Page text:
Retail Reflections

Retail Reflections

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I cemented something for myself last week – I hate the mall. Noodle was having a really fussy day, and Nekky was at a lunch meeting for most of the afternoon, so I packed up and headed to Yorkville Mall because I knew I’d get nothing done at home.

Shopping is the last thing I should be doing during these very frugal days, but I had a stack of gift certificates for Gap Kids and Gymboree, so I decided to take advantage and see what I could find for the monkeys. Noodle and I caught a lift with daddy, and soon we were fully immersed in the artificial oasis.

I’ve been doing a lot of thrifting lately. Most of the kids’ clothes, almost all of the baby’s clothes, and a large chunk of my maternity clothes were second hand. The women in my family have always loved a good treasure hunt. My mom and her sisters grew up very poor, and my clever grandmother managed to turn salvaging other people’s cast offs into a fun adventure. The glee with which my aunties can pour through a Value Village or Salvation Army was contagious as a child, and now I share that love of discovery.

I remember frequent trips to the nearby Amity with my Grandmaman when I would come to visit. We were allowed to pick out a simple toy to add to the toy box in her modest little apartment, and the result was a constantly refreshed trove for her many, many grandchildren to enjoy. One of my favorite playtime activities while visiting was to hand wash an entire vintage pillow case full of baby doll clothes using my grandmother’s own wash board. Then I would lovingly hang each tiny item to dry on the line she kept on her balcony. It’s no wonder that laundry is a chore I actually still enjoy.

My aunts invented Shabby Chic long before it was ever a thing. Each of them owns a collection of unique treasures discovered at antique markets, yard sales, and estate auctions. They’ve worked these gems into their décor with seamless elegance and whimsy. With a tilt of a head, they can re-imagine a sturdy chair with a new coat of paint or refreshed upholstery. They are such wonderfully creative women. market6

As Noodle and I strolled from one brightly lit store to the next, assaulted by the loud, obnoxious music, and overly friendly staff I began to feel more and more stressed out. The prices seemed ludicrous, even on the sale racks, and I couldn’t find anything that I wanted to use the gift certificates on. Soon Noodle began to fuss, because I think he felt affronted by all of the obnoxious over-stimulation. He began to return the overzealous employee greetings with stink-eye, and started trying to rip clothing off the racks while grunting like a little ape.

It was inevitable that I would soon feel the guilt creep in, I am a fallen Catholic after all, and I began thinking about all of those poor people in Bangladesh who died so horribly because they were neglected by a property owner who only cared about making money. In a sense, they died because we want the cheapest deal on manufactured goods, but so many of us are too proud to be caught re-using perfectly good items that are available everywhere for unbelievable prices.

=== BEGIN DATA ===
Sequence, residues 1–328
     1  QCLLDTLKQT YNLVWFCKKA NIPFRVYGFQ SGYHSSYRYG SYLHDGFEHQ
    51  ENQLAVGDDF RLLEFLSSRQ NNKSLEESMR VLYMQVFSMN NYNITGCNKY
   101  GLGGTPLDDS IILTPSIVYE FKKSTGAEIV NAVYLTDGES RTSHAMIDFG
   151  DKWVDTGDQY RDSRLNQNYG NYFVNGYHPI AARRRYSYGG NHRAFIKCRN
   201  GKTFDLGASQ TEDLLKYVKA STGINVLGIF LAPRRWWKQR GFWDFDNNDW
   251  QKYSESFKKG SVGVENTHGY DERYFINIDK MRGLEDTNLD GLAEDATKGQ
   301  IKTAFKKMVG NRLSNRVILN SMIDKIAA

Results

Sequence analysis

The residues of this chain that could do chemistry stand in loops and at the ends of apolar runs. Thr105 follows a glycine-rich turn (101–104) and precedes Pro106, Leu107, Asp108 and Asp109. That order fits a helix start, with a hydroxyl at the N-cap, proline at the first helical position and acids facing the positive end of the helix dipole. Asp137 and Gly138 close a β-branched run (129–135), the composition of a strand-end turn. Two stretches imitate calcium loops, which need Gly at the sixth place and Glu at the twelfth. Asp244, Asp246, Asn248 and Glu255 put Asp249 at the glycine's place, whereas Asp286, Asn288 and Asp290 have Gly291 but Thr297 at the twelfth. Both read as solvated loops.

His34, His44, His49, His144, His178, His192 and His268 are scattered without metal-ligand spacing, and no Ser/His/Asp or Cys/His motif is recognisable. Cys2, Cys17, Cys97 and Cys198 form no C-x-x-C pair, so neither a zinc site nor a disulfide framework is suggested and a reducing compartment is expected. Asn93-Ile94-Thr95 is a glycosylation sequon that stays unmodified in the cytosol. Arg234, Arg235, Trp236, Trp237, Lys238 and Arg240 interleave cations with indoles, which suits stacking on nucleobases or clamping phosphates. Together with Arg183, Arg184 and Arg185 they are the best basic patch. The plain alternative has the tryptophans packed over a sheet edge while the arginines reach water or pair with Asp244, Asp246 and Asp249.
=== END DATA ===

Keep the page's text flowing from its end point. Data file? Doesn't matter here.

The cheap labor debate is one that I have mixed feelings about. Some overseas factories really do offer people a livelihood and a means to support their family in the face of some seriously heinous alternatives. This is no excuse to neglect people or take such horrible advantage of their position. I think so many of us get caught up in our tendency towards commercialism that we don’t think much about how those much-coveted items arrive in our malls and how lives are affected in the process.

Of course I want adorable clothing for my kids. I also don’t want to waste some perfectly good gift certificates that were gifted to us. I LOVED the Joe label before this Bangladesh catastrophe gave me pause, but how can I spend money on their products when 300 people died and Joe doesn’t seem in any hurry to make their factory conditions better? The company website states that in the face of the Bangladesh tragedy they are “taking steps” to ensure better conditions, but I’ll be more impressed if they dedicate a portion of their website to seeing how that plays out. A carefully crafted press release feels a bit like lip service to me.

I’m not militant about these things. I’m lazy, and cheap, and I’m sometimes a real consumerist pig. I love Target for example, and I’ll probably keep shopping there, but we need to think about this, don’t we? How badly do we need “stuff”? Is it worth taking advantage of people who are already struggling so that we can get a cheap deal? Can’t we cough up a couple of additional dollars so that they can make a more decent wage?

It’s easy to just hit Walmart and drop some dollars to get the best deal. We do it every week for our groceries because the savings is unbelievable. How does a family of six justify spending hundreds of dollars more each week to buy locally raised meat and local produce? Costco has saved us SO MUCH MONEY!

I don’t have answers to these questions, and I’m not going to be a preachy hypocrite. I think it’s because I’m feeling my own disgust at all of the stuff we’ve amassed over the years that I feel so grossed out by consumerism. How do we make these issues better without extending ourselves beyond our means?  What can we actually do?

I suppose a place to start is buying clothing more responsibly. Here’s a great article from the National Post with some ethical shopping tips. I’d love to hear from readers about how this. Are you shopping ethically? If not, what’s stopping you? If so, can you give us tips to make this work for our large family?

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